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[Equipment] Does "for Her" make a difference?
Hi somnia16,

It seems like the model you have is the "AirSense 10 AutoSet for Her".

As BadGoodDeb indicated, the "AirSense 10" series comes in constant pressure and automatic pressure adjustment models. The "AutoSet" in the model name tells you it has automatic pressure adjustment capability.

The "For Her" designator on the AirSense 10 AutoSet model name refers to an additional AutoSet mode designed for women. This model includes a second algorithm for adjusting the air pressure in addition to the standard AutoSet algorithm.

So the "For Her" model has all the capabilities of the standard AutoSet model plus one additional AutoSet algorithm that it uses instead of the standard algorithm when operating in "For Her" mode. Using the "For Her" machine you can choose either operating mode.

ResMed uses the "For Her" marketing label on AutoSet model machines as well as on certain masks (on masks the For Her usually implies smaller sizes). I don't think there is a "For Her" model for constant pressure machines, since there is no AutoSet algorithm in play on those machines.

The manufacturers use similar sounding model names that can be confusing. Hope the above info is helpful in sorting it out.

Now the second part of your question: Will the real CPAP please stand up?

There are two common uses of CPAP ... i.e. CPAP (versus APAP) in forum post conversations and CPAP (inclusive of CPAP and APAP) in other reference materials.

You will often find people referring to constant pressure as CPAP and automatic adjusting pressure as APAP in forum posts. That is a convenient shorthand and in context of a forum post we get that they are usually referring to Constant or Automatic mode machines.

In a different context you will read that all of these machines are referred to as CPAP machines. That's because as a type of therapy or as a type of medical appliance CPAP stands for Continuous Positive Airway Pressure (without any implication as to whether the Continuous pressure is constant or automatically adjusted).

So you can accomplish your CPAP therapy applying constant pressure (CPAP) or automatic adjusted pressure (APAP) using various types of devices which are all properly called CPAP machines.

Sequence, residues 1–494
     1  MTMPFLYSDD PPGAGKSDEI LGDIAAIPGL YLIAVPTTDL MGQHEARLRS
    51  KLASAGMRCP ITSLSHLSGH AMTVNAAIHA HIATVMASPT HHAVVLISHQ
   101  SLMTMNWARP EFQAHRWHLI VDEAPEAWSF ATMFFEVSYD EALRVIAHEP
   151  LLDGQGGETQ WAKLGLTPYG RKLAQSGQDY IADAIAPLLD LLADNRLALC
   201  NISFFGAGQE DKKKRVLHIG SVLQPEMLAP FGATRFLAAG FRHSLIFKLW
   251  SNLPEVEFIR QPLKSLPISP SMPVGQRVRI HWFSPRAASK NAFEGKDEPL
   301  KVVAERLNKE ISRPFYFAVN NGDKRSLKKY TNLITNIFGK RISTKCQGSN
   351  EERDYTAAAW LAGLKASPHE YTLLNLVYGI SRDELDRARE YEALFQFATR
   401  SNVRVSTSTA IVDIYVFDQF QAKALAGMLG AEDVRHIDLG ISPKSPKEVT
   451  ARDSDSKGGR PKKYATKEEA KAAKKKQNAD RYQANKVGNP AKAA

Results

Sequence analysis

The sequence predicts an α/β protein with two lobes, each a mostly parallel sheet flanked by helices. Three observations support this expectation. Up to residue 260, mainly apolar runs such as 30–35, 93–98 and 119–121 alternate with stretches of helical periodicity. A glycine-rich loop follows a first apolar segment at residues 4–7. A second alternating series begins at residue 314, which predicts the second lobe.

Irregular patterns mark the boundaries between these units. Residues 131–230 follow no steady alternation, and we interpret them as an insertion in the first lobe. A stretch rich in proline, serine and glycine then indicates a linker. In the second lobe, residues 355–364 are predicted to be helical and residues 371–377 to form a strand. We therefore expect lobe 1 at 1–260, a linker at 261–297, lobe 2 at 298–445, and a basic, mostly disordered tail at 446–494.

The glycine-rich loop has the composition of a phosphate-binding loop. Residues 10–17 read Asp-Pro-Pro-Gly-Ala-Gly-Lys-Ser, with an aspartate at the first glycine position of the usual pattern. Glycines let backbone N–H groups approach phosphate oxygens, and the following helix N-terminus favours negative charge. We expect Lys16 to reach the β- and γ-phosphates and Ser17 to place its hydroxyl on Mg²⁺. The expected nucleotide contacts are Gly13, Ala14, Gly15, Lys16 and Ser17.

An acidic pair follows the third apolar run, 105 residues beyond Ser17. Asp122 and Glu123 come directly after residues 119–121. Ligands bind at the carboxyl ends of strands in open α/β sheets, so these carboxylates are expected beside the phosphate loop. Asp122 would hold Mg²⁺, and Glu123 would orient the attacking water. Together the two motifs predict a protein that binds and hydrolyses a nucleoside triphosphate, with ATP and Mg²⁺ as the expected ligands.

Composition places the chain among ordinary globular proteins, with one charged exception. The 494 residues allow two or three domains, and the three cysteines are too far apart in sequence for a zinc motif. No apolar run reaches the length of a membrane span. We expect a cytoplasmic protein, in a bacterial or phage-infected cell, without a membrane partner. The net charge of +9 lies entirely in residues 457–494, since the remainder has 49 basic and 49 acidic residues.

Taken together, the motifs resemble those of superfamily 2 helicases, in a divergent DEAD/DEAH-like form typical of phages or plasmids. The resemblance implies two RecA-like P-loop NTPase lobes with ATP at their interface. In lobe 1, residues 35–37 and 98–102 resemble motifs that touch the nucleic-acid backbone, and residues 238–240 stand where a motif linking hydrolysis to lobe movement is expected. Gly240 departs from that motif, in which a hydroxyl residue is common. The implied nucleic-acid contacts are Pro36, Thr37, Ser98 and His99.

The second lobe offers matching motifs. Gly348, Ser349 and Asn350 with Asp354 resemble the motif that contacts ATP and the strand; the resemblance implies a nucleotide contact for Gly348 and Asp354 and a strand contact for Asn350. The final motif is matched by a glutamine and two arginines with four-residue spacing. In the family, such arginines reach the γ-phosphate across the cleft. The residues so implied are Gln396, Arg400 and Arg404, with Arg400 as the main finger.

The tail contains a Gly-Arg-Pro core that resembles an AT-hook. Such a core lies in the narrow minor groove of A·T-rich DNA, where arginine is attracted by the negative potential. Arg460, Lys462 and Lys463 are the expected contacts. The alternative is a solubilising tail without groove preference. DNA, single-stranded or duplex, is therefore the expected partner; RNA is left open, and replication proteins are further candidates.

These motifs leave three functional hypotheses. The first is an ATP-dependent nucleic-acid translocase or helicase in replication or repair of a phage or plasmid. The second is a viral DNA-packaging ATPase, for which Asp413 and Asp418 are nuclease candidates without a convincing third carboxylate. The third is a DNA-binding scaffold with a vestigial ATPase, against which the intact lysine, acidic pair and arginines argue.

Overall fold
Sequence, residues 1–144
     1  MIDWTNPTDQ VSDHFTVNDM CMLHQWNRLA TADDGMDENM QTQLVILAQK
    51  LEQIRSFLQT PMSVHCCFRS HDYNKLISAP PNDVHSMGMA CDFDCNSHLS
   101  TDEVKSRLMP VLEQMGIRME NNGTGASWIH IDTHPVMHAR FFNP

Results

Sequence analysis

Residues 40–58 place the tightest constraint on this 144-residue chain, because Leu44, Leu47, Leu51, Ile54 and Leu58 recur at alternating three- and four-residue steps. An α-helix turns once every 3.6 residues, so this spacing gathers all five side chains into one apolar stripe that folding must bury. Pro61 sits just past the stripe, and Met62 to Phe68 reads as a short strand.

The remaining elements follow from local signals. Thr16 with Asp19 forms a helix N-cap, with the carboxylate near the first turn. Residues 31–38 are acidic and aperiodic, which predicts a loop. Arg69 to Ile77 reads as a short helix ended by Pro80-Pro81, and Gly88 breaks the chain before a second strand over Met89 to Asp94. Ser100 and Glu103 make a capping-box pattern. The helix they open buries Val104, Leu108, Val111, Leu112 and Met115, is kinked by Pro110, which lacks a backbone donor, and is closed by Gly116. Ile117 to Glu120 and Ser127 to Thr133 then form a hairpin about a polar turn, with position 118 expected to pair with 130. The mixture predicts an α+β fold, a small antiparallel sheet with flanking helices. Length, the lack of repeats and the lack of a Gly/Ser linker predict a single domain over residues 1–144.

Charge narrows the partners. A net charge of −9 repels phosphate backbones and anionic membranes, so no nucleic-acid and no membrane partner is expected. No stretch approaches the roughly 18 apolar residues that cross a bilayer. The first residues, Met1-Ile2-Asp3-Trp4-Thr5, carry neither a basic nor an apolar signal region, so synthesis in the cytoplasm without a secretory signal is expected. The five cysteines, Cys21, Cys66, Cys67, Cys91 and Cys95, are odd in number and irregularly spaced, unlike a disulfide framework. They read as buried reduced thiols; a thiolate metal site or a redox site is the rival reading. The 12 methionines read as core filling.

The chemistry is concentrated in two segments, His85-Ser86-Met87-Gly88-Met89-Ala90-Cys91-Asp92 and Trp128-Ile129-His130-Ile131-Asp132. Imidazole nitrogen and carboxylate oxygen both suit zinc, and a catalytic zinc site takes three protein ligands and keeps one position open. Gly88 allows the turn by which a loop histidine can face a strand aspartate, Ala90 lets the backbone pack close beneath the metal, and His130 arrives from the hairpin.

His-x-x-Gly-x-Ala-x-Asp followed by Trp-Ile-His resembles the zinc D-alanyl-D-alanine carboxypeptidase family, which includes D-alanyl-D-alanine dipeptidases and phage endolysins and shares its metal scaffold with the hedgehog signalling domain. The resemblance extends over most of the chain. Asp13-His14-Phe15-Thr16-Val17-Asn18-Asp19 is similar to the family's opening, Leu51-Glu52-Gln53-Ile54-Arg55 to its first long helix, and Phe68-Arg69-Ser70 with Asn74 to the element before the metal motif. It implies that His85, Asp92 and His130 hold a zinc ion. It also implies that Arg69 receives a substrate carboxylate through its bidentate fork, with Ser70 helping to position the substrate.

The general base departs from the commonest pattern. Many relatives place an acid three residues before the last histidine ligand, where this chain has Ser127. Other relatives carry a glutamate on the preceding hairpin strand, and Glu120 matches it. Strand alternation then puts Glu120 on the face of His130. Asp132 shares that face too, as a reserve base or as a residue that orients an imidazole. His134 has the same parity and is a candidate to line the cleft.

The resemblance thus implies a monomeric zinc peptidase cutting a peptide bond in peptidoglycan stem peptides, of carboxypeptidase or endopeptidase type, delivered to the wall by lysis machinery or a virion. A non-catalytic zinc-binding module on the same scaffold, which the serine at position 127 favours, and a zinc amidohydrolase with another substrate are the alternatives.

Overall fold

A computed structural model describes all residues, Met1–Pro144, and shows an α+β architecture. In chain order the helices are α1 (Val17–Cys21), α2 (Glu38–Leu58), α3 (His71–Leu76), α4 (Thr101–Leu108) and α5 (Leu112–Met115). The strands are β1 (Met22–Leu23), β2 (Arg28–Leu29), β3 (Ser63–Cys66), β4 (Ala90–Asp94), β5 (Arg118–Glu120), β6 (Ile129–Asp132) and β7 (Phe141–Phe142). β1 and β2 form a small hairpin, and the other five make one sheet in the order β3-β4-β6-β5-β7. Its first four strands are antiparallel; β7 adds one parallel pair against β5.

And of course chill is right that ResMed who make an entire line of CPAP machines, decided to name one of them that is a constant pressure machine the AirSense 10 CPAP model.

clear as mud, right?

Here's more pap ... there are many PAP related terms you might encounter on the forum, including: APAP, BiPAP, CPAP, EPAP, IPAP, VPAP, and perhaps a few other XPAP shorthand terms that each have their own nuanced meanings. Dr. Seuss could have had some fun with all of these.

Saldus Miegas
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Thanks, it did. My ENT is not to be trusted and he told me that the 5 was my number. I am going to be seeing a sleep specialist in September. In the meantime, once I get my mask and start again, I am adjusting it to 7/11 or thereabouts..
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My sleep clinic initially set me at 5, and since I only had "mild to moderate" apnea, that seemed fine. But after 4-5 months, I *did* start to feel suffocated, and merely stopped using the machine. (Bad idea!) A year later, when I told my Dr that, he was willing to set it to 8, but "no higher without another sleep test". So, after a year of NOT using the machine at all, I restarted, and 8 seemed fine for several years.

But recently, they gave me a newer machine, and it (the AirSense 10 Autoset) has capabilities of a range of pressures, not just a fixed setting. So I am self-experimenting with "7-11" to see what my body actually needs. If I were worse than "mild to moderate" and/or were having trouble sleeping, I would ask for another sleep study. But letting the machine regulate what I need, seems a reasonable self-help measure at this point, for me.
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